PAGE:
๐Ÿ‡จ๐Ÿ‡ฆ Hayley Wickenheiser Retires After Illustrious 23 Year Career

The most decorated player in women’s hockey history today announced her retirement from professional hockey, with Hayley Wickenheiser stepping down from the CWHL’s Calgary Inferno and Team Canada, which she joined in 1994 at the age of 15.

Wickenheiser’s accomplishments on the ice are, simply put, astounding. In her illustrious career, Wickenheiser has captured four Olympic Gold (2002, 2006, 2010, 2014) and one Silver (1998) medals, seven World Championship Gold (1994, 1997, 1999, 2000, 2004, 2007, 2012) and six Silver (2005, 2008, 2009, 2011, 2013, 2016) medals, eleven Nations Cup Gold (1996, 1999, 2000, 2001, 2002, 2004, 2005, 2006, 2007, 2009, 2010) and five Silver (1997, 2003, 2008, 2011, 2012) medals, along with Gold at both the 1995 and 1996 Pacific Rim Championship, capping her career medal haul at 24 Gold and 12 Silver medals, never once having to settle for Bronze.

Away from Team Canada, Wickenheiser collected an impressive collection of accolades as well, capturing a CIS title with the University of Calgary in 2012, and a Clarkson Cup with the Inferno in 2016, inducting her into the unofficial women’s “Triple Gold Club” of hockey. Additionally, Wickenheiser was among the first women to ever play in a professional men’s league, with Salamat of the Finnish league in 2003-04, and is just one of nine Canadians to play in both the Winter and Summer Olympics, playing Softball for Canada at the 2000 Sydney Olympics.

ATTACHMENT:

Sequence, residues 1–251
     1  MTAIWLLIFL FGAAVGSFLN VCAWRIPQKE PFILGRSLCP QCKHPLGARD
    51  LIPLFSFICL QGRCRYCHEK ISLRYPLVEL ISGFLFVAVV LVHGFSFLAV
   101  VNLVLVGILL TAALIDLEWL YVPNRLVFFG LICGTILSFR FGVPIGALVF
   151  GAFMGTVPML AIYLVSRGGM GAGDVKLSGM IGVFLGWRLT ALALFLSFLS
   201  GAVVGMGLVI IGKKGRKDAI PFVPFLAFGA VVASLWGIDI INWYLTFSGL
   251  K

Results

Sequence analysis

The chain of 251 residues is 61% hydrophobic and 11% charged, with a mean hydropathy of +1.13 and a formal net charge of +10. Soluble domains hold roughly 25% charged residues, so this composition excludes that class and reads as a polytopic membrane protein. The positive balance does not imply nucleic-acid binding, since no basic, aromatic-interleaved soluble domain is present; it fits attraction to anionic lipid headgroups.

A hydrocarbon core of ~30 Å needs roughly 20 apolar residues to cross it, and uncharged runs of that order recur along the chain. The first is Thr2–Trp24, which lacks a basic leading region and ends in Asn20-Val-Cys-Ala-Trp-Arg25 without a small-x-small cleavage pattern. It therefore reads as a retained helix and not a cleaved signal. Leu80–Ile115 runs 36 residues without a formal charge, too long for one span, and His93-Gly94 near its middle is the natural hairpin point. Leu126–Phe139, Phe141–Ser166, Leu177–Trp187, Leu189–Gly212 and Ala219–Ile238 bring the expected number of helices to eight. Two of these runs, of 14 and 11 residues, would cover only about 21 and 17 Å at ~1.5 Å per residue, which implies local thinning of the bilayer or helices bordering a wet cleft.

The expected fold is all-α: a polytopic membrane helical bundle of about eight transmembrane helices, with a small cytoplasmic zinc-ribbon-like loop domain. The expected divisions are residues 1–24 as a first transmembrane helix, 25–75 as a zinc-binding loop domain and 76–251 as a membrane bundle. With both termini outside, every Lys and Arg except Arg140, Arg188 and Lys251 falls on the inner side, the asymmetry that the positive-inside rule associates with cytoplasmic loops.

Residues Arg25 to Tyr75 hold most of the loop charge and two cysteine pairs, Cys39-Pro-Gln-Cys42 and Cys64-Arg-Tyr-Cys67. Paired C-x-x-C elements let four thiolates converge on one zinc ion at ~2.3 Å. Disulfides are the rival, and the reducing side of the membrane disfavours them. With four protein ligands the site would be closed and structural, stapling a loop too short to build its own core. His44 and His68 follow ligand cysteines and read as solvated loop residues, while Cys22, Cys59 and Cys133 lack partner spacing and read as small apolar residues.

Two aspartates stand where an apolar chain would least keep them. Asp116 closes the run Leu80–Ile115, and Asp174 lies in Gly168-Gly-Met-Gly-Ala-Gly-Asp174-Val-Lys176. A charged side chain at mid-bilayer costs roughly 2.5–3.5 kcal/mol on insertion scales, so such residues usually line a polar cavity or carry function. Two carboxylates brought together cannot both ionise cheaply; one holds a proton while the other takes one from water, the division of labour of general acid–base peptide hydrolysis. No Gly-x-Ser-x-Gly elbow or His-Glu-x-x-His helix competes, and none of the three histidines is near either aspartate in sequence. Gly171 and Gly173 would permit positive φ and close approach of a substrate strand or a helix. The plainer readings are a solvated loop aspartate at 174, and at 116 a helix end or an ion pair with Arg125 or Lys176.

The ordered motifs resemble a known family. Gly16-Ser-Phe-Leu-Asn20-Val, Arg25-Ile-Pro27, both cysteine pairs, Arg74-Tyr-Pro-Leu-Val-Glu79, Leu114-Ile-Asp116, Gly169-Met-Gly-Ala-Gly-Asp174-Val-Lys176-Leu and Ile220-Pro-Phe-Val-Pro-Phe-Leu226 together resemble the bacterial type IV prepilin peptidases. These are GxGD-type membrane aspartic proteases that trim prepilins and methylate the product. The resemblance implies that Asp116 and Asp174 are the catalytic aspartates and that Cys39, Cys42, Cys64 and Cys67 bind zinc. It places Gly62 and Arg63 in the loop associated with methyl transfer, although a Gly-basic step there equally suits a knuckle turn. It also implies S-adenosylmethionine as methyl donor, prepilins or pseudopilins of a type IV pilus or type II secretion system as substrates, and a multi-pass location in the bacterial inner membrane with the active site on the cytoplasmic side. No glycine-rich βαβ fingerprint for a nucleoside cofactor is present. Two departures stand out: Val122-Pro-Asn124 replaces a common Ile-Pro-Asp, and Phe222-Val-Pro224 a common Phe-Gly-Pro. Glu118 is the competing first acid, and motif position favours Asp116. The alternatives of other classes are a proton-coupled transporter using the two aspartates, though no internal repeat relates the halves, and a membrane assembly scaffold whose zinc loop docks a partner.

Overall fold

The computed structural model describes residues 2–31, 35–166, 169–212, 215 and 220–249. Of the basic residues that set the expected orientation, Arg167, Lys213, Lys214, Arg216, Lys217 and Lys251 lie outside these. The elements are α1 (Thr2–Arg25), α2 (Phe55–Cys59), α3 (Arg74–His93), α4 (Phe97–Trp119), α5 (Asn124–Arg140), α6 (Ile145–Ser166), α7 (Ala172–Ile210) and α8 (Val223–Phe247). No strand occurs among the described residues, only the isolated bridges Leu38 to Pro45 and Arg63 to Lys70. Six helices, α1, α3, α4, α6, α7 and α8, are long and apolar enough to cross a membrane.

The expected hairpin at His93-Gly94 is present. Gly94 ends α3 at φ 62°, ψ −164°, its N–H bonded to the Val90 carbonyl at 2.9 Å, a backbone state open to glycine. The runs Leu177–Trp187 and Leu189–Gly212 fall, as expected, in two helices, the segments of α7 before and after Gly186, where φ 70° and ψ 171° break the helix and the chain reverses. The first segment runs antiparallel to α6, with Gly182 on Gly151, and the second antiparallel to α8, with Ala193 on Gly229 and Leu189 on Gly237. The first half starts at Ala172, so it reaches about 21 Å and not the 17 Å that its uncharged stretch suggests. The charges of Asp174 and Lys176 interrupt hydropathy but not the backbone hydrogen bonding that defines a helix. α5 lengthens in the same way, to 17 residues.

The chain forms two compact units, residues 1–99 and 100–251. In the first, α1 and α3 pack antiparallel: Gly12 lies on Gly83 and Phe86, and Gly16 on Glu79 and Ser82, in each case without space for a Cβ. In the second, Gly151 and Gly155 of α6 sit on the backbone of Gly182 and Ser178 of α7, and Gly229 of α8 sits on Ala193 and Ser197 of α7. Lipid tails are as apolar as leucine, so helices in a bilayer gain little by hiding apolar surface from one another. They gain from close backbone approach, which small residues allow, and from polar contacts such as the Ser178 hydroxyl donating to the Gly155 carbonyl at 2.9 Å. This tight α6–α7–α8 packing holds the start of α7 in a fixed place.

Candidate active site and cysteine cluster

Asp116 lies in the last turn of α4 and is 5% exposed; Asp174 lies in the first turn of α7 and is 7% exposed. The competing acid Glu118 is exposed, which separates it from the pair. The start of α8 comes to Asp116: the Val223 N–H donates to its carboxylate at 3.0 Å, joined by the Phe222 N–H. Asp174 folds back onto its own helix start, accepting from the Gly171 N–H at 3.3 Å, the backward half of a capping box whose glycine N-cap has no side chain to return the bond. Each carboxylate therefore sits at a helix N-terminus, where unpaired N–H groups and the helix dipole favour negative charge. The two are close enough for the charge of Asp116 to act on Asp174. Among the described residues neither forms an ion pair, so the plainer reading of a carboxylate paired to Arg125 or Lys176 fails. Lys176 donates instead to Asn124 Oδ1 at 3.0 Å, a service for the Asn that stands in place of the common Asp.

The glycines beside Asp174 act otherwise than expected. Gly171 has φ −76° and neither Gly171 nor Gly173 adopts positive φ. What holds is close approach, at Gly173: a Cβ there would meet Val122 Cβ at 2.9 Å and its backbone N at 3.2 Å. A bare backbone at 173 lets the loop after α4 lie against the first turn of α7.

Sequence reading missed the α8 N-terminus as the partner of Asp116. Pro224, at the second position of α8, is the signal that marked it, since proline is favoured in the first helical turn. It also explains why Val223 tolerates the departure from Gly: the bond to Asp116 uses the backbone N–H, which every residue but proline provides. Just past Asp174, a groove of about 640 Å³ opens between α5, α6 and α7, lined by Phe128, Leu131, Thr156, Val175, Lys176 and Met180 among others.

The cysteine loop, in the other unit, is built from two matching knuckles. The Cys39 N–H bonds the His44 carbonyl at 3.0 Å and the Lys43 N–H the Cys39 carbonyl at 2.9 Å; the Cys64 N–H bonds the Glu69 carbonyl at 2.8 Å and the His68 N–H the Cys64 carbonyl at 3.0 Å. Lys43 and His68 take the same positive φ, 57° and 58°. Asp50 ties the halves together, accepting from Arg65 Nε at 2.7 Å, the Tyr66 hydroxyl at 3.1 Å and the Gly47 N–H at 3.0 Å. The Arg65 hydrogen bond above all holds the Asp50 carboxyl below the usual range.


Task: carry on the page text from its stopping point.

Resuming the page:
Wickenheiser was awarded the Order of Canada in 2011 and was inducted to Canada’s Walk of Fame in 2014, and will surely be a first-ballot nominee for the Hockey Hall of Fame, where she would become just the fifthย female inductee in history.

In terms of the IHLC, Wickenheiser rode the wave of Canada’s success to capture her first title at the 1994 World Championships, holding it throughout her career, far too numerous to count here. We wish Hayley and her family the very best for her retirement, and hope her future endeavours in medical school does not mean the end of the hockey career of one of Canada’s true athleticย icons.

Photo Credit: Canadian Olympic Committeeย โ€“ IIHF โ€“ HHOF โ€“ IOC



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